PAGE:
"Bergisches Land" (in the Rhineland, not far from Cologne). The genealogy of this family has been particularly well researched. Those family members who are living today, bear the surnames Stursberg, Storsberg, Stosberg, Stossberg and Strasburg. Only some namesakes Stossberg do not belong to the Stursberg family,
but to the Stausberg family from the "Wildenburger Land" in the region between Rhineland and Hessen. All the other namesakes belong to the Stursberg family. The farm, where the Stursberg family originally derives from, is the hamlet called Stursberg in the parish Luettringhausen which is a part of the town of Remscheid since 1929. The feudal scroll of Luettringhausen from 1350 mentioned for the first time "das nechste Stuirß Bergh bey dem Wiedenhoffe" (the next Stursberg to the priest's farm), which in the following centuries existed in several parts and which today has the official names Stursberg I and Stursberg II.
Siebel (Sybel) van Stursberg was one of the most wealthy inhabitants of the Luettringhausen parish. He contributed with 8 Gulden to a loan taken by the duke of Berg in 1487 from his subjects. It was also Siebel who financed a memorial mess in favour of his dead father. Another son of Winolt might be Wolber van Stursberch, who was a juror of the town council and mayor of Lennep in 1470 (like Luettringhausen also Lennep is part of Remscheid since 1929), and
also Johannes Stursberg who appears in Cologne at the same time. But among the children of Winolt we can only be sure about Siebel. And Winolt and Siebel are for sure the progenitors of all the later living Stursberg namesakes.
alive, and at the same time his son Bernd (Bernth) Sturssbergh is mentioned. Bernd appears several times until 1563 as the owner of the Stursberg farm and as the head of the "Honschaft Hohenhagen", an administrative part of the big Luettringhausen parish. At the same time he was responsible for the treasure of the parish that in these years must have changed from the Roman
Catholic to the Lutheran confession. Bernd also built a cottage where knives and tools were sharpened and an early form of a steel factory. He also stood for the duties of the religious community which his grandfather had offered for Winolt. These duties must have disappeared when the Luettringhausen parish decided in favour of the Reformation after 1550.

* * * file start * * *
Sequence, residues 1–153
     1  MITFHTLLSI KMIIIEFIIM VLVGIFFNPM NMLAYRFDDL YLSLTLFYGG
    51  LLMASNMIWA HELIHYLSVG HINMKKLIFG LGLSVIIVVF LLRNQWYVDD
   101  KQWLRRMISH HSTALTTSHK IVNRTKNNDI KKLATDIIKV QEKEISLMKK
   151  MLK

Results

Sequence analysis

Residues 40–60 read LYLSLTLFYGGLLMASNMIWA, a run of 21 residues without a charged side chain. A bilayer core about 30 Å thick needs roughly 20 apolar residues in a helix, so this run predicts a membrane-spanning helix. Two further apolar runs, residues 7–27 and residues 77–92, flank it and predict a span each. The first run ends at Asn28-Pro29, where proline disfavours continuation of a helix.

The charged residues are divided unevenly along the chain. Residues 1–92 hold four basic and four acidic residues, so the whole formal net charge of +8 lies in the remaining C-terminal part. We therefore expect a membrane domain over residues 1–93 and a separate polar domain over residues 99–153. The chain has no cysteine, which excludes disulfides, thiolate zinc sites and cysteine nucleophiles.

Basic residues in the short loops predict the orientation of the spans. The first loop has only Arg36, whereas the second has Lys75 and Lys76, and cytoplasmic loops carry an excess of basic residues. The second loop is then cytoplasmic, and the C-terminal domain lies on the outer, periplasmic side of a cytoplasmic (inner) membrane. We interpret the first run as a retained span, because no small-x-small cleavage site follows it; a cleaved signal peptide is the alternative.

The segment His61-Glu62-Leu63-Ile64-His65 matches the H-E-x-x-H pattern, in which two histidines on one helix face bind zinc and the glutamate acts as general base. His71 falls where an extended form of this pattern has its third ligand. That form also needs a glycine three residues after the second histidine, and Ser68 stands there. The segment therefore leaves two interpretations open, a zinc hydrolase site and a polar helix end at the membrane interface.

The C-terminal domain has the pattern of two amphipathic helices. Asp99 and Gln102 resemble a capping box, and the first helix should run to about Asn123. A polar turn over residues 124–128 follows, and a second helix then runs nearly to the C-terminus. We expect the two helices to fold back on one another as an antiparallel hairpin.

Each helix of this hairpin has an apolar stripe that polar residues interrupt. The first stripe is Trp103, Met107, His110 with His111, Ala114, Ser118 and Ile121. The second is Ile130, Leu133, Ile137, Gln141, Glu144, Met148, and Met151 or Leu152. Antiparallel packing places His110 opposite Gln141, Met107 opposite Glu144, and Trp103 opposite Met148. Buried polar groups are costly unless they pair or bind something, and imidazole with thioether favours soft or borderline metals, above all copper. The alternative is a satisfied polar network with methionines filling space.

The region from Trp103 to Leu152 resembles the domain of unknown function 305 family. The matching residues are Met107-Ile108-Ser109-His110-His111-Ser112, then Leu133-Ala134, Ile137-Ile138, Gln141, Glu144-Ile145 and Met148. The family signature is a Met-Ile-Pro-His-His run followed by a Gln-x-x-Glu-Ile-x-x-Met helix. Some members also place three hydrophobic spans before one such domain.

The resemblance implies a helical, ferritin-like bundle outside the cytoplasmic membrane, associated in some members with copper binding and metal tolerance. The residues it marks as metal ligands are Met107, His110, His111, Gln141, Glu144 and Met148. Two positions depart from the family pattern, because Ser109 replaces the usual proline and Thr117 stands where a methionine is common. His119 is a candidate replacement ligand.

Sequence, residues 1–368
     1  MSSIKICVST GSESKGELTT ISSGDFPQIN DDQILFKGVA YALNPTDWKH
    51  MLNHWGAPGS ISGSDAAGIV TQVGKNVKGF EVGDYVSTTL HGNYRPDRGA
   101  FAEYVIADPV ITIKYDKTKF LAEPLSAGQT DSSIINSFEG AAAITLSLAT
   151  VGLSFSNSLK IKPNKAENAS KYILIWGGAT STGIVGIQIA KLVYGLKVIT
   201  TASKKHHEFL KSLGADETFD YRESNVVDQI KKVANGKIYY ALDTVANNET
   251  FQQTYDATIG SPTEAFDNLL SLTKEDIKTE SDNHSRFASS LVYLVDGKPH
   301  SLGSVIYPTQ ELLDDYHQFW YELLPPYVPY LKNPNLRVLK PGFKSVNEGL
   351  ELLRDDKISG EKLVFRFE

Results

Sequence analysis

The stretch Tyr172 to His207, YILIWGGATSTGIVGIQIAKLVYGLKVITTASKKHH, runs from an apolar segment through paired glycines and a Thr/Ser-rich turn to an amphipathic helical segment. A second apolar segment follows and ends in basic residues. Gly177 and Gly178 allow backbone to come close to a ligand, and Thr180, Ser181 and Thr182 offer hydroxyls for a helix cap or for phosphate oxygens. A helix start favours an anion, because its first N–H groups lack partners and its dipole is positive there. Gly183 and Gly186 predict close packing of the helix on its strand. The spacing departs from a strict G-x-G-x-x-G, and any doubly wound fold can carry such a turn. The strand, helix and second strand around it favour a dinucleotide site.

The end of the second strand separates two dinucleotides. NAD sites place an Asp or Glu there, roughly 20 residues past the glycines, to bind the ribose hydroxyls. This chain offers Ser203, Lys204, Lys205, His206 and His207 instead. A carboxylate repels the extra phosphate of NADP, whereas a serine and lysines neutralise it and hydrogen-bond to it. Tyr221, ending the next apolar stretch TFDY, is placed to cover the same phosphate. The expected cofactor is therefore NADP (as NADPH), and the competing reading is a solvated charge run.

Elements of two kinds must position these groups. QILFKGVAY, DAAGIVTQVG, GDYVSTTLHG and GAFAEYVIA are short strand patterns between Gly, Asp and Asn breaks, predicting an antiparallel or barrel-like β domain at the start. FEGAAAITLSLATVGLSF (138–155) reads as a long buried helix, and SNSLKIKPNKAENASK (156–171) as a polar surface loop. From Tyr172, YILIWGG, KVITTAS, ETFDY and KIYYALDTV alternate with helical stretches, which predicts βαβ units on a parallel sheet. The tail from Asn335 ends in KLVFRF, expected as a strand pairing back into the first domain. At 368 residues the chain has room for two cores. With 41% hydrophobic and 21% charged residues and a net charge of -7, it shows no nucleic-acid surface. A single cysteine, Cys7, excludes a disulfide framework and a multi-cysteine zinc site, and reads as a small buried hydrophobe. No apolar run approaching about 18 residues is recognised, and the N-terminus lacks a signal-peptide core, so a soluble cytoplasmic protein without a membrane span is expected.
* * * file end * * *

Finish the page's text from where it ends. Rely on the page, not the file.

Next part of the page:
first different Stursberg branches start. Peter and Johann had only few descendants who were bearing the name Stursberg.
parish. His descendants followed Hilbert's first name and called themselves Hilbert(s) instead of Stursberg. Franz Stursberg was another of Theiss' sons: He was a merchant and juror of the town council in Lennep, and he is mentioned until 1634. Franz's son Engelbert went to Cologne and had a lot of children, but only a few grandchildren. Engelbert's brother must have been Peter Stossberg who moved to Wermelskirchen south of Remscheid. He bought half the Kenkhausen farm there. His grandson, also called Peter, is the progenitor of the Stursberg tribe
and Nolze (= Arnold) divided Sirach's heritage, and two more sons, Franz and Peter, owned different farms: Franz on the other side of the Stursberg farm, Peter on the Klausen hamlet in Luettringhausen, where his wife was born. Zenss's grandsons are the progenitors of five tribes (B, C, D, E, F) in Barmen (Wuppertal), Lennep, Luettringhausen and Remscheid. Heinrich Stursberg, Nolze's grandson, stayed on the Stursberg hamlet, and his descendants form tribe G.
Franz's grandsons moved to Wald (Solingen), they are the progenitors of six tribes (H, J, K, L, M, N).
Main. Further namesakes are nowadays living in Switzerland, Spain, England, Canada and especially in different states of the USA. More than 5,000 persons in 20 generations altogether, living and dead, have been collected meanwhile. There are 13 tribes:
- tribe A: especially in Wermelskirchen, Wahlscheid, Missouri, Tennessee,
- tribe B: especially in Wuppertal, Hannover, Castrop-Rauxel, Zurich
- tribe C: especially in Wuppertal, Muenster, Sylt
- tribe D: especially in Remscheid (Lennep), Muelheim/Ruhr, Hueckeswagen,
Dabringhausen, Aachen, Basel, New York, Utah
- tribe E: especially in Essen, Bochum (Ruhr area), Remscheid
- tribe F: especially in Remscheid, Wuppertal, Muenster, Louisville/Kentucky
- tribe G: especially in Remscheid, Wuppertal, Hagen, London, Vancouver
- tribe H: especially in Solingen, Haan, New Jersey tribe H: especially in Solingen, Haan, New Jersey
- tribe J: especially in Solingen (no living descendants found)
- tribe K: especially in Solingen
- tribe L: especially in Solingen, Langenfeld, Wuppertal, Utica/New York
- tribe M: especially in Solingen (no living descendants found)
- tribe N: especially in Solingen, north Germany
The family coat of arms has been registered officially in 1938. It shows a black bull head with a golden crown and a golden shield, divided by a red post with three silver rafters. The helmet with black and golden ornaments wears two golden buffalo horns with a black rafter each.
The Stursberg coat of arms is a so-called talking crest. The bull refers to the word "stur" in the family-name, and the rafters symbolise the hill/mountain (mountain = "Berg"). Three rafters stand for the three farms that were originally located on the Stursberg hamlet and owned by family members.
All the members to the Stammesverband Stursberg have the right to use the family crest.